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Bruins forward Shawn Thornton received a match penalty and thus automatic ejection and suspension for a predatory play that forced Penguins defenseman Brooks Orpik from Saturday night’s game on a stretcher.

After Orpik crushed Bruins forward Loui Eriksson with a hit that knocked Eriksson out for the game, Thornton tried to fight Orpik minutes later, but when Orpik declined Thornton was sent off for roughing. Later in the period, after Brad Marchand had taken a knee to the head from James Neal, Thornton skated over to a scrum, grabbed Orpik from behind, threw him to the ice and punched him in the head twice.

Orpik remained down on the ice for several minutes before being taken off the ice on a stretcher. The Penguins issued an update following the second period saying that Orpik was taken to Massachusetts General Hospital and was both alert and conscious.

Thornton has never been suspended before, but he is likely to receive a sizable suspension, while Neal is also in line for supplemental discipline. Orpik could also hear from the league for his hit on Eriksson.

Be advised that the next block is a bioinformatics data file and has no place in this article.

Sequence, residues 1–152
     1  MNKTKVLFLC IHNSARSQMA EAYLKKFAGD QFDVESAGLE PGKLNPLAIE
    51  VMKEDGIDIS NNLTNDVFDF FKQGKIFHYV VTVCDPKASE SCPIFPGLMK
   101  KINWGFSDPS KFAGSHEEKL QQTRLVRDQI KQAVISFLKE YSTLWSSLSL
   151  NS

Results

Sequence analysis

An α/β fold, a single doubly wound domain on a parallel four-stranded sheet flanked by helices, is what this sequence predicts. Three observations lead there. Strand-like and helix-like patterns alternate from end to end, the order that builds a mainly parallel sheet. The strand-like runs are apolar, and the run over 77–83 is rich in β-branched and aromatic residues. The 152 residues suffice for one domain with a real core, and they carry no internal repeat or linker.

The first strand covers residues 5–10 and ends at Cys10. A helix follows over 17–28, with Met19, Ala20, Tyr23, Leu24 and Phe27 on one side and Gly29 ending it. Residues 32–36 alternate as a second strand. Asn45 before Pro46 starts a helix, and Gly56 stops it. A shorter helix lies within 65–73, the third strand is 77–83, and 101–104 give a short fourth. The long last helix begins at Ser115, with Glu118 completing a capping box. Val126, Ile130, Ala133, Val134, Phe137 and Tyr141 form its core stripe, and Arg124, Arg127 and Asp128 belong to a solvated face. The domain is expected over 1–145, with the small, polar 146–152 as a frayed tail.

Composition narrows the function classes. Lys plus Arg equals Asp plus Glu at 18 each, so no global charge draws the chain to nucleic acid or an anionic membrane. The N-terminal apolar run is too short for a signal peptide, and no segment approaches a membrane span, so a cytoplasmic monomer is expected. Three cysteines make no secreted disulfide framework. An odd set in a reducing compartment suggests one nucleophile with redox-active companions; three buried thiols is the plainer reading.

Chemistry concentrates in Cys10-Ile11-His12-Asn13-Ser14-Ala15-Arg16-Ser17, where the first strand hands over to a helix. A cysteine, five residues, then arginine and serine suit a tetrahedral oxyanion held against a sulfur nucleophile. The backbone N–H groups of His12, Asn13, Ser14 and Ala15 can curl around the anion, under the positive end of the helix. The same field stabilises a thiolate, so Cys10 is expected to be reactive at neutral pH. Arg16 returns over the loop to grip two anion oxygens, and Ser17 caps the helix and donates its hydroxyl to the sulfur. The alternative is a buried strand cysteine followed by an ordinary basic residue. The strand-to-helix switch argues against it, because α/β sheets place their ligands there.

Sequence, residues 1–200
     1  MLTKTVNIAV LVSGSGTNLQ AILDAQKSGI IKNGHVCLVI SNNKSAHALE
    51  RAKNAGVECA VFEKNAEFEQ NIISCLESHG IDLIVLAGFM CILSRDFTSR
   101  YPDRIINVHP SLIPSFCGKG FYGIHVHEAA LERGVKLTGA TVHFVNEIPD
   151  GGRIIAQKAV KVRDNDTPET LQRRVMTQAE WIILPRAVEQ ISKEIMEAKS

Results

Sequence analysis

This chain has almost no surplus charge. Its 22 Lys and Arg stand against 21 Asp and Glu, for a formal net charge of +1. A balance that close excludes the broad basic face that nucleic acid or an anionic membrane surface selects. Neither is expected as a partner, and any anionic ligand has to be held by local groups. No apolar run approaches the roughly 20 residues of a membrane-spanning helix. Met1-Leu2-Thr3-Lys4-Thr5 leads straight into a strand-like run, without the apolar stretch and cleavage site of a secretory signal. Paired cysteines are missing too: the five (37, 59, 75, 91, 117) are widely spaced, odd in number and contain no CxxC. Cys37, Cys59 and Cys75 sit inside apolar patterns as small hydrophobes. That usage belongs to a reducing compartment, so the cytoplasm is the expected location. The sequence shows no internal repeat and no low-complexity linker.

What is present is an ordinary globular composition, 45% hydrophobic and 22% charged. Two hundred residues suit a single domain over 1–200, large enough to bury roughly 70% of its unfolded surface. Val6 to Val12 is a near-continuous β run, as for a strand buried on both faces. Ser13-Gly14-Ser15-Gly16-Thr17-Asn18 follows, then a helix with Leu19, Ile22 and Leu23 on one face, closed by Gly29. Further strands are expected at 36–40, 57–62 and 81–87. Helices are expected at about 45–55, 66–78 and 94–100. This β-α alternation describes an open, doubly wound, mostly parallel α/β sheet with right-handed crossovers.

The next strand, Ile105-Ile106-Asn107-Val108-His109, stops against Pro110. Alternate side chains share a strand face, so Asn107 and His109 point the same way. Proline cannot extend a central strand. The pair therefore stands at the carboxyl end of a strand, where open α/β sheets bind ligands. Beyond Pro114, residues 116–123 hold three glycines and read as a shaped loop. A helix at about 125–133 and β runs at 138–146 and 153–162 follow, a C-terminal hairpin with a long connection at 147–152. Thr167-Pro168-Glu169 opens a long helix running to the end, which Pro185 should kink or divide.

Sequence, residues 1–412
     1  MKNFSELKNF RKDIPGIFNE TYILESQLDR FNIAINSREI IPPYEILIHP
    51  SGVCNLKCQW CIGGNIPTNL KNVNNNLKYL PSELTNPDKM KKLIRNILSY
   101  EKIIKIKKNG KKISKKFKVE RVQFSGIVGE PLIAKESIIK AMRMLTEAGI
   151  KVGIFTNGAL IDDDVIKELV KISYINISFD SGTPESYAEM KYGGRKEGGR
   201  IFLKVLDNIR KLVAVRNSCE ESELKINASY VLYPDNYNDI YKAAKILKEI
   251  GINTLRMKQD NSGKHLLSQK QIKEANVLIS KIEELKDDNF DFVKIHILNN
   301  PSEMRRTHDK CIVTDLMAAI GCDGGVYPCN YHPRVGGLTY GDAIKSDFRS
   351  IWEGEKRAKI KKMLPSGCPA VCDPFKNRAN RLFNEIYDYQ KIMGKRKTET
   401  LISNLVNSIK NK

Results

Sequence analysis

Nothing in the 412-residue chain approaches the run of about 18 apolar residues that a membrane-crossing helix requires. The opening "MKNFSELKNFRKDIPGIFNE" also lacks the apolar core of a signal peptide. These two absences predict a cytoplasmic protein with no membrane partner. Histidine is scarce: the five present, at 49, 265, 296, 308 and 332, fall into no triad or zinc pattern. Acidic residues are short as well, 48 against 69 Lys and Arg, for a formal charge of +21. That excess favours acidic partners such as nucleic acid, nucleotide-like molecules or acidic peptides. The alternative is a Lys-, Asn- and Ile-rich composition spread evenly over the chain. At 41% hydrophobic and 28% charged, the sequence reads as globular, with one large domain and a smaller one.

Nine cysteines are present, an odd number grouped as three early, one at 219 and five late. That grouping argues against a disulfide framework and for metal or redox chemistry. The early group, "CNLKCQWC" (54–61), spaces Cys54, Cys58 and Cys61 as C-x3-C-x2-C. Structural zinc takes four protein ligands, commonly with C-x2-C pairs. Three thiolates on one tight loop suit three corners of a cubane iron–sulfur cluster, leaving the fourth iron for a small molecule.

Recently, Thornton spoke specifically in an ESPN interview about “the code” that players must adhere to and the pride he takes in it. He even pointed out the scenario of sucker-punching players that are down.

“I take a lot of pride in that. I do,” Thornton said. “People could probably criticize that I’€™m a little too honorable, I suppose, in some instances. I’ve been a firm believer my whole life that what goes around comes around. If you’€™re one of those guys that suckers someone when they’€™re down or you go after somebody that doesn’€™t deserve it or isn’€™t the same category as you, that will come back and bite you at some point, too. I also take a lot of pride in the fact that I can play 8-12 minutes a night. I’€™ve had to work extremely hard on that part of my game to bring more to the table than just fighting. That’€™s part of my game, but I can do a lot more.”

On Saturday morning, Bruins coach Claude Julien addressed the subject of retaliation as it related to the Bruins opting to not go after Max Pacioretty Thursday night.

“We’€™re all guilty of that stuff. We’€™re suspending guys for illegal hits and then we’€™re punishing guys for good, clean hits,” Julien said. “So where does a guy have the opportunity to go out and play a physical game if there’€™s a good hit, he knows he’€™s going to be punished. So I guess there’€™s that fine line there that becomes important to look at. You want to stick up for your teammate, but at the same time we don’€™t want to take the good physicality out of the game. And every team is guilty of that; including us.

“We’€™ve made a reputation of that by saying we’€™re going to stick together; and that’€™s great. So you’€™re treading a fine line there when it comes to that. … If we want to clean up the game, we want to be honest with both sides when it happens to us or against us, let’€™s call a spade a spade.”